By Andy Mannix
By Caleb Hannan
By Olivia LaVecchia
By CP Staff
By Aaron Rupar
By Jacob Wheeler
By Olivia LaVecchia
By Aaron Rupar
By getting rid of the "ball and chain" that is the rest of Phillips, Graham says, Ventura Village will be able to vie for more city and regional government funds--potentially millions of dollars--to further its development plans. Those include rehabbing the many Victorian homes that line the streets. "Ventura Village is a Victorian dream," he proclaims, as he shows off plans to capitalize on the neighborhood's signature architecture (they include streetscapes and building Victorian-style carriage houses that would serve as rental units in back of the big houses). At the same time, Ventura Village's visionaries say they want to see businesses built along Franklin, townhouses in Peavey Park, and rental properties on the eastern edge of the neighborhood that Graham says would help increase the city's inventory of affordable housing.
And, although the secession hasn't officially happened yet (the proposal to create a separate neighborhood has to be approved by the Minneapolis Planning Commission and city council), it seems that Ventura Village's declaration of independence is all but assured. "It's a fait accompli,'' council member Niland pronounces, explaining that the demise of People of Phillips, the previous neighborhood association that collapsed under accusations of fraud and mismanagement, set the stage for Ventura Village to rise. "When People of Phillips was falling apart, a lot of that power had already fallen to those other regions."
But as one of the most vocal proponents of reengineering the northern reaches of the neighborhood, Ellringer has certainly taken some heat. She calls her movement "serious and radical." Others call it repressive, even racist.
Local civil-rights activist Ron Edwards believes the Ellringers are the "vanguard of what I call the 'repressive law-and-order forces,' which turn out to be pretty close to forces of racism. It's clear they're out to do racial cleansing and purification of that community." People of color are more vulnerable to failure, he says, because they don't have the backing of government or institutions, and, as they struggle for basic necessities and survival, they don't have the luxury of time to organize politically. For that reason, Edwards expects the tide of gentrification in Minneapolis's urban neighborhoods to win out.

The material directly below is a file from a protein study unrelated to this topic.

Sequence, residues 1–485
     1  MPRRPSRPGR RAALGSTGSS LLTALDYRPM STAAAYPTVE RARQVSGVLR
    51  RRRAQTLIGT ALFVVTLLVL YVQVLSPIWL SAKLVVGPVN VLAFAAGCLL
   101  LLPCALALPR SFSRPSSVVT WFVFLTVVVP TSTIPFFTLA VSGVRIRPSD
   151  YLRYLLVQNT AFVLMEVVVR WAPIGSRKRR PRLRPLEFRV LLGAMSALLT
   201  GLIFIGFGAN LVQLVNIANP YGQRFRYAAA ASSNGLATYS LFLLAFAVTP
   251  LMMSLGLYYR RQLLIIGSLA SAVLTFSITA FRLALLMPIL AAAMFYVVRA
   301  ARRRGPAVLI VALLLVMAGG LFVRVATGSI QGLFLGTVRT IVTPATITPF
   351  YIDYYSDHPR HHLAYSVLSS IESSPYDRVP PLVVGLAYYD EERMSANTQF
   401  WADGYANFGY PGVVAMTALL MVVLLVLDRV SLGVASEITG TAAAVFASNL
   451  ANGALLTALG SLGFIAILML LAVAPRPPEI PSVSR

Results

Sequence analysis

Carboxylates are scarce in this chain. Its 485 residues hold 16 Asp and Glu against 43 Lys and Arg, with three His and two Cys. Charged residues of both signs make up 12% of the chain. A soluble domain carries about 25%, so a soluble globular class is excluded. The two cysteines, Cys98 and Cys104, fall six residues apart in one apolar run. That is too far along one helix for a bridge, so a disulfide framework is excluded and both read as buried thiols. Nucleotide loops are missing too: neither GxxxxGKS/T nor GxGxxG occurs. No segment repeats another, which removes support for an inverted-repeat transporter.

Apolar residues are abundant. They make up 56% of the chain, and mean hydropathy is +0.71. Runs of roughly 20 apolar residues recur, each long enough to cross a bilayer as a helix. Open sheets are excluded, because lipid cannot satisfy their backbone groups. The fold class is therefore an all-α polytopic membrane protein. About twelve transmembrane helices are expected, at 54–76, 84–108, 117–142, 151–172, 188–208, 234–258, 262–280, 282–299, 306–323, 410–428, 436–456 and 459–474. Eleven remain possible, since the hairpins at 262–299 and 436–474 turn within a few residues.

"Gentrification will take place, purification will take place," Edwards says. "What are they going to do with the people of color they pretended they wanted? Give us your tired, your poor..." He trails off into silence.
Ellringer doesn't agree with the criticism. "[Phillips] has a concentration of poor. It does no one any good. People are accusing us of gentrification, like it's a horrible word," she says brusquely. "Would you rather call it crack alley?"
But to some, the danger isn't just Donna's dream, but her method of pursuing it.
William DeLeon-Granados, a California-based writer, has researched crime and community policing in cities throughout the nation, writing about his experiences in Travels Through Crime and Place: Community Building as Crime Control. In a recent phone interview, he explained that simply booting criminals and drug addicts out of one area won't solve the overall problem of neighborhood deterioration. "They'll go away for a short time, but they'll eventually come back. There's something to be said for 'The buck stops here,' for making a stand, but I'm not sure it will solve the problem.
"If you try to ostracize them, leave them out, they're even further away from the power that resides in the community, the values and norms. In the long run, it's much more effective to draw someone into a community and try and effect change in their lives. It makes us better people, it makes our communities better."
Ellringer has weathered criticism that her crusade has been too negative, for too long, but she disagrees. "It is negative. It is really, really bad. There is nothing good going on," she emphasizes. "Being nice did not work. We tried, but nobody listened. We had to get serious and radical." Her tilt toward the extreme is lauded by the police: "We don't ask people to get out and patrol to the extent that Donna does," offers the police department's Shun Tillman. "If they choose to do it, it's totally their choice. To me, it's a great stance. If you live in the community and you want to make a change, it's something you have to do."
But that creeps into dangerous territory, DeLeon-Granados says: creating a segregated society, where one segment of a community serves as Big Brother, spying on everyone else. That, he stresses, can divide a neighborhood, rather than build a unified spirit. "If something bad happens, you shouldn't have to tolerate that," DeLeon-Granados says. "But that's a lot different from arming residents with walkie-talkies and having them be the eyes and ears of the police."
Though the Ellringer way has led to results, and though Ventura Village seems poised to take off, neighbors do question the tactics. "We're all here. If we can't get along, we should be able to build bridges and communicate," says Michael Chaney. "I don't see that in the brand of leadership in Ventura and other organizations. They are isolationists. I don't see a lot of difference between Donna Ellringer and these crack dealers," Chaney declares. "Is she dealing crack on the corner? No. But is she contributing to the well-being of the community?"